Penetration tests that demonstrate how an unauthorized user could gain access to patient information can be effective in winning support for a bigger information security budget, says David Kennedy of Diebold, Incorporated.
When it comes to responding to today's high-profile information security incidents, technical abilities simply aren't enough, says Gavin Reid of Cisco's Computer Security Incident Response Team. Here are the five must-have skills for today's incident response professionals.
Police say financial specialist Librado Wright spent months siphoning more than $500,000 from Wachovia Bank's customer accounts. But when he attempted to withdraw the funds, the bank had a surprise for him.
Researchers at security vendor Symantec say they've been in contact with a 20-something Chinese man who may be behind a series of attacks against U.S. businesses with the aim to steal intellectual property.
ID theft expert Joanna Crane wonders whether banks, government agencies and healthcare providers do enough to assist consumers with ID theft recovery, saying consumer expectations are often loftier than what's being done to meet the demand.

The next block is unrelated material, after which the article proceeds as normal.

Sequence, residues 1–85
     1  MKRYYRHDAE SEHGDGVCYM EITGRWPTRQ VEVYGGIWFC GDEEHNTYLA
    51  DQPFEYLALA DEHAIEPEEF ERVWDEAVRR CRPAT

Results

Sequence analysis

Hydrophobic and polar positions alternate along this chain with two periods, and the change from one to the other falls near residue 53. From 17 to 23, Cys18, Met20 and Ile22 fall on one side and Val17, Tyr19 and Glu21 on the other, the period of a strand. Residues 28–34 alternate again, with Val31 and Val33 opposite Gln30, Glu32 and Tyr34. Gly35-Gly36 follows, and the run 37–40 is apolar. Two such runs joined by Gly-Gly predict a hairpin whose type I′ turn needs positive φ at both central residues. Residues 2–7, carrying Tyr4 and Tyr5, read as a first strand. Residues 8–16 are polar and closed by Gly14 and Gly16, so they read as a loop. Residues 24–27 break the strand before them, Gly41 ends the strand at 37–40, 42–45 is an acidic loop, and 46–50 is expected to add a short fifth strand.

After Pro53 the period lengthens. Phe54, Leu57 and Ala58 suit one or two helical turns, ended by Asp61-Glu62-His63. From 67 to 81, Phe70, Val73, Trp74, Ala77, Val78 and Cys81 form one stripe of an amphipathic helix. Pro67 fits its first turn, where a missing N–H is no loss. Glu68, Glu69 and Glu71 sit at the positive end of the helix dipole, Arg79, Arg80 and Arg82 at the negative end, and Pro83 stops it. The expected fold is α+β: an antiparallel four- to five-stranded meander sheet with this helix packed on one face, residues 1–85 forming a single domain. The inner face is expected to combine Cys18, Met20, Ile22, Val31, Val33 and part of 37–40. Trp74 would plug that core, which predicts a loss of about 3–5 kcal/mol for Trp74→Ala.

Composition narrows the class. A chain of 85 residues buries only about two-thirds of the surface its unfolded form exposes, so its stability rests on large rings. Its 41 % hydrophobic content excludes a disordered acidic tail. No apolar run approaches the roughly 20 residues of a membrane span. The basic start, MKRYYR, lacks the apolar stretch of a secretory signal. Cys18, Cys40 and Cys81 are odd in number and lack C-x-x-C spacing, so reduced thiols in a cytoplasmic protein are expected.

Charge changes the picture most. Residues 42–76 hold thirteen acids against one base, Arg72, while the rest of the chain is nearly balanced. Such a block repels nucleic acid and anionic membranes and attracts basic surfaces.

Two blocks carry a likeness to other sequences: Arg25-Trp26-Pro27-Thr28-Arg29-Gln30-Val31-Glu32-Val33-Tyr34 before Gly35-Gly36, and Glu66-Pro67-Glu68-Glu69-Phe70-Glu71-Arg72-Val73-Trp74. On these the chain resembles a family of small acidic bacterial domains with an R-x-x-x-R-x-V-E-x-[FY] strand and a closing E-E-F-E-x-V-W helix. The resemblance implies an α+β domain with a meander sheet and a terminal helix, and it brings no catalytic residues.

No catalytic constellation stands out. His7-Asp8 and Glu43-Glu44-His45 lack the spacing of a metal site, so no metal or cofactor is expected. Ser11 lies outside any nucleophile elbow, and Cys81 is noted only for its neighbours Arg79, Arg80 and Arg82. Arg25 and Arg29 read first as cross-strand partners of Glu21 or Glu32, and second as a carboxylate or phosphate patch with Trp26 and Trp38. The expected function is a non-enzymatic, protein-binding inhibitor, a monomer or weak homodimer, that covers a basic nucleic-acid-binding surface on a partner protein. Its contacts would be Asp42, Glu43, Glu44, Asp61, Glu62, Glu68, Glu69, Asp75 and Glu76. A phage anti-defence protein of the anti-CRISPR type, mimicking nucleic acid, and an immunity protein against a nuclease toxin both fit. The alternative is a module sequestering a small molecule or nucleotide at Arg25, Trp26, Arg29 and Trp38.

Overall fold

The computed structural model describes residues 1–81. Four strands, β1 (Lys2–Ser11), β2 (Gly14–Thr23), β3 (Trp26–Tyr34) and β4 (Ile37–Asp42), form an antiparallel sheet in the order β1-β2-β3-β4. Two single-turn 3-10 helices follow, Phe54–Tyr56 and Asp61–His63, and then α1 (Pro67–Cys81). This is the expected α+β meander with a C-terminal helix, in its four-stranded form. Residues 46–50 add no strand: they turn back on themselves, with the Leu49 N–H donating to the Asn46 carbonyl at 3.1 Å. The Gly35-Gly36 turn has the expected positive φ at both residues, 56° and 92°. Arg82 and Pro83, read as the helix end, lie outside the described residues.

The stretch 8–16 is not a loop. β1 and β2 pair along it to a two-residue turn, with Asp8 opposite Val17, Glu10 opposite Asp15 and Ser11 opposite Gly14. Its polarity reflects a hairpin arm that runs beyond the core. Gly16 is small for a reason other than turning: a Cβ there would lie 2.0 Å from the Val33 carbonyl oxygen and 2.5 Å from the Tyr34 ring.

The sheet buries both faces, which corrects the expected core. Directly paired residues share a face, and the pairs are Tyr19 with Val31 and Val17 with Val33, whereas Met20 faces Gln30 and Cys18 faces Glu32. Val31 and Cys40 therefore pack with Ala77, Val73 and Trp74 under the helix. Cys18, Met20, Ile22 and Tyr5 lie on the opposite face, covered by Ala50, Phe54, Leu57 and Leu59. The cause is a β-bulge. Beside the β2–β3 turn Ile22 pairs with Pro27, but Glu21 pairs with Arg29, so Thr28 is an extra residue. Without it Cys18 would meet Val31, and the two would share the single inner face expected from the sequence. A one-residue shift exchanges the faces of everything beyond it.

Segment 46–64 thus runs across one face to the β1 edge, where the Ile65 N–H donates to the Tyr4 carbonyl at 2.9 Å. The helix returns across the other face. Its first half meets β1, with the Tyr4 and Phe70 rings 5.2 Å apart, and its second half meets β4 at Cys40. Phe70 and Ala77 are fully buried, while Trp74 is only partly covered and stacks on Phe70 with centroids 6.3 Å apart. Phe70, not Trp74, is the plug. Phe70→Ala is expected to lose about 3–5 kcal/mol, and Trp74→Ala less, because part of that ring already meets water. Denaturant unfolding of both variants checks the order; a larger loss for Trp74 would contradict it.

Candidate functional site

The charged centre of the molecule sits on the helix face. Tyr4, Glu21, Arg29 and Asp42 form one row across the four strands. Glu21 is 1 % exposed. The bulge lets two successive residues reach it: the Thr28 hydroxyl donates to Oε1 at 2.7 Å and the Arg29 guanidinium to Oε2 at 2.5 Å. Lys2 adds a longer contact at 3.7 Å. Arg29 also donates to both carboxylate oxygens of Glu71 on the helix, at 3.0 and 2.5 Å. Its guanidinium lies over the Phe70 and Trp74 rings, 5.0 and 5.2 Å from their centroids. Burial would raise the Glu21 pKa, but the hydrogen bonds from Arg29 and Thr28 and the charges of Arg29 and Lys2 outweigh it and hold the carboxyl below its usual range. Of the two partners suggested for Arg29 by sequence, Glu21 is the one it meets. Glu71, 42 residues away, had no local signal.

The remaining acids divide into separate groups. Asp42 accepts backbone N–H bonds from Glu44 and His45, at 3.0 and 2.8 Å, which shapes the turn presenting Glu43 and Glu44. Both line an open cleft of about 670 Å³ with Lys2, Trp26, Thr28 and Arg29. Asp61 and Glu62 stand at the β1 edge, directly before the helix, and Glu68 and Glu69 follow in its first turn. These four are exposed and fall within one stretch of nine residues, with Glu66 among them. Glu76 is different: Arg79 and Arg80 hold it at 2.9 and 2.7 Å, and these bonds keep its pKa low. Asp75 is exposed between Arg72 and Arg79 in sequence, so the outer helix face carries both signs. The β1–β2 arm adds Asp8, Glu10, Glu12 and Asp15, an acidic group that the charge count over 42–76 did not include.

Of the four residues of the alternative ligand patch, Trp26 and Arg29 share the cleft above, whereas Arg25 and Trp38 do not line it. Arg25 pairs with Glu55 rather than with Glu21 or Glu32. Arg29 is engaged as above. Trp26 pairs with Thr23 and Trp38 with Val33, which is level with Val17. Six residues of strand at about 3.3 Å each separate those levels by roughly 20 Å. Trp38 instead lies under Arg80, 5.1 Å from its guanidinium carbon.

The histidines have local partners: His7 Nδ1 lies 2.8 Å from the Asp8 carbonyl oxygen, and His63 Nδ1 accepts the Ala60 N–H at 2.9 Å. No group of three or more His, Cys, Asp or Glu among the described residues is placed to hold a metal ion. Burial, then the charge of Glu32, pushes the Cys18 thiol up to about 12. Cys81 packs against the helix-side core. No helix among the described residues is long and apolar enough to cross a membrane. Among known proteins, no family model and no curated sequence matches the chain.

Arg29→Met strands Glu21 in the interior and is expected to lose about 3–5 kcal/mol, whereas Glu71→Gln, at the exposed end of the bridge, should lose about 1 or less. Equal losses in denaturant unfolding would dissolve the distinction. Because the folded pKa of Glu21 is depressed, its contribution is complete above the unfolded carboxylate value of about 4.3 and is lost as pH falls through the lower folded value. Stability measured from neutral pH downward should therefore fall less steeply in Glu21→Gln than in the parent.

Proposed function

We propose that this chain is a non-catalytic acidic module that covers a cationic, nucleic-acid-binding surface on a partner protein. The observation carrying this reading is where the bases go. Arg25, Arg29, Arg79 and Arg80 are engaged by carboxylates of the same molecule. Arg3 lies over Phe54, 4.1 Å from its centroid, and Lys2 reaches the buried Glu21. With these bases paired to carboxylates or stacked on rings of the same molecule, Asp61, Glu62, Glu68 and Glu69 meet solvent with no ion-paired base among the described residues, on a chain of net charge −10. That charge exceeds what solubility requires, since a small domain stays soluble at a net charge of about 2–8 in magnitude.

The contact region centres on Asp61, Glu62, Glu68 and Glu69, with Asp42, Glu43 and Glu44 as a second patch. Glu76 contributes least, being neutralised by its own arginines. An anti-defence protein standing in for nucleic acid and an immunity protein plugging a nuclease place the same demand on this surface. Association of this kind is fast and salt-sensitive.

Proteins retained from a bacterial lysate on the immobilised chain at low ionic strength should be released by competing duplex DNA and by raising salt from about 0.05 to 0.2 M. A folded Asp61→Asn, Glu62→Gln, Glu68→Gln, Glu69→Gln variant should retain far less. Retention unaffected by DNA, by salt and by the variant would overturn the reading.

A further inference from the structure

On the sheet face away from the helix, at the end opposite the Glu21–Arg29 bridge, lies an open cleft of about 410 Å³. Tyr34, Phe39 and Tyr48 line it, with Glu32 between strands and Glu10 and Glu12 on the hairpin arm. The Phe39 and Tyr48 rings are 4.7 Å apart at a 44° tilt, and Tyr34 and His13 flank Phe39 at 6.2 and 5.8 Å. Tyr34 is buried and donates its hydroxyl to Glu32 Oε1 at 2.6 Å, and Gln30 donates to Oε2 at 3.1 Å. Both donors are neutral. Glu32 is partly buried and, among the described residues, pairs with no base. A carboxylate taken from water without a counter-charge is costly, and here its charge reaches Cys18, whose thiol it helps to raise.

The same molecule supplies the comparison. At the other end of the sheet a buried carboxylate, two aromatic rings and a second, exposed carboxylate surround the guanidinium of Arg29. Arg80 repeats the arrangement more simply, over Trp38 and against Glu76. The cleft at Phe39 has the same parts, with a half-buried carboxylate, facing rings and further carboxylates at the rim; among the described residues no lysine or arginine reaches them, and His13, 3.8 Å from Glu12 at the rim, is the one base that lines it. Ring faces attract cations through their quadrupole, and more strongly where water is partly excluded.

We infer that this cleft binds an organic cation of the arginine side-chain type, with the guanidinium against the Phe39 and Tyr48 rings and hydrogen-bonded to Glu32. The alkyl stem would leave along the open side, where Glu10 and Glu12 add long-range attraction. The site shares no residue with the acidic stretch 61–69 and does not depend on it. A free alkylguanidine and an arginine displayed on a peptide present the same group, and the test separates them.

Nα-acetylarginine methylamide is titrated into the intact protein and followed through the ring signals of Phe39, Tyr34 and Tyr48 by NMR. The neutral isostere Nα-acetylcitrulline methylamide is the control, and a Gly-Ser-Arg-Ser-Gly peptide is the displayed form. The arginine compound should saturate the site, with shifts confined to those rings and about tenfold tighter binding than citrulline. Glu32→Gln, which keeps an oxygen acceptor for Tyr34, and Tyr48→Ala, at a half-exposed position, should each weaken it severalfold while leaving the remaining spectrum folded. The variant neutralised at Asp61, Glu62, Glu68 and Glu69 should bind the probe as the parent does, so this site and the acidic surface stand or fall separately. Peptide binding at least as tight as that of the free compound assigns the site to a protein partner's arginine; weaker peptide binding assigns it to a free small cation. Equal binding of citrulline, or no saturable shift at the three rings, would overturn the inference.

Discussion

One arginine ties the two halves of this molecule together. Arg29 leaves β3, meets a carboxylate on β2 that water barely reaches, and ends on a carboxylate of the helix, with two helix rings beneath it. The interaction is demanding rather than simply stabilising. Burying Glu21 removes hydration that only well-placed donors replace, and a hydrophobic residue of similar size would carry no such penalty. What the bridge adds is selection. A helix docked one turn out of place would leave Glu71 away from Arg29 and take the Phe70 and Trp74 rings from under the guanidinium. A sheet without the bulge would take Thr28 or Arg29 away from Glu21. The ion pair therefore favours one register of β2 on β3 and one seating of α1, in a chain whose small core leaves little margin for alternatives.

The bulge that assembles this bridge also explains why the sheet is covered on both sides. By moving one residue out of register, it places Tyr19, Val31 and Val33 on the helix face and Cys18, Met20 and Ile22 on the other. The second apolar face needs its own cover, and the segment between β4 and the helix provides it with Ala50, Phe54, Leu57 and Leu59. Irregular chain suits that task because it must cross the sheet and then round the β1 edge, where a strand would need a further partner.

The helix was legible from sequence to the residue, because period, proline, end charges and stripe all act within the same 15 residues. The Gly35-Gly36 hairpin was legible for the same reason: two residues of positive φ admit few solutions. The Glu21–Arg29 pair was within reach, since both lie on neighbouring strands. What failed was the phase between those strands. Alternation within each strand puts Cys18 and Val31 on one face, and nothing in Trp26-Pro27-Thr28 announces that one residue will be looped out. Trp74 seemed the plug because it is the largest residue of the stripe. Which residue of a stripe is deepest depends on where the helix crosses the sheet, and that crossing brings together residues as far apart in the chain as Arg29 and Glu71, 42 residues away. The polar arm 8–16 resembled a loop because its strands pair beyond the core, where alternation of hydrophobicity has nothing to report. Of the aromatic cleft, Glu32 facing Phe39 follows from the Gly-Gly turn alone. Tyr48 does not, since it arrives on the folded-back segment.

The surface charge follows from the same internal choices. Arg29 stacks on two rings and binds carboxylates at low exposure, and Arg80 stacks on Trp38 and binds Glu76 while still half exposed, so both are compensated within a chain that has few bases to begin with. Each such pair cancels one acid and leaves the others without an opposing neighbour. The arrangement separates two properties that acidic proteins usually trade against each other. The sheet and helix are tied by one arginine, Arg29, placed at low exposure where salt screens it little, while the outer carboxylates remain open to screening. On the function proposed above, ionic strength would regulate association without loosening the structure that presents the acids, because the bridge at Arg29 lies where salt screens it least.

Heavily regulated industries like banking and healthcare have been reluctant to make the virtualized leap to the cloud, fearing a loss of control could open them to unforeseen risk. Are their concerns unfounded?
The U.S. explosion in card skimming will be the ultimate catalyst for change from mag stripe to chip and PIN technology. "I do believe that shift has begun," says SVB's Pradeep Moudgal. "Everyone wants to be in a much more secure environment."
Pradeep Moudgal of California-based SVB says the bank's decision in June to migrate commercial credit cards over to EMV was easy. "The biggest advantage of the chip card, at the end of the day, is to reduce fraud," he says.
"Matching an implementation to the cloud definition can assist in evaluating the security properties of the cloud," says computer scientist Peter Mell, author of The NIST Definition of Cloud Computing.
The total number of Americans affected by major health information breaches since the HIPAA breach notification rule took effect could grow by more than 50 percent once two major recent incidents are added to the official federal tally.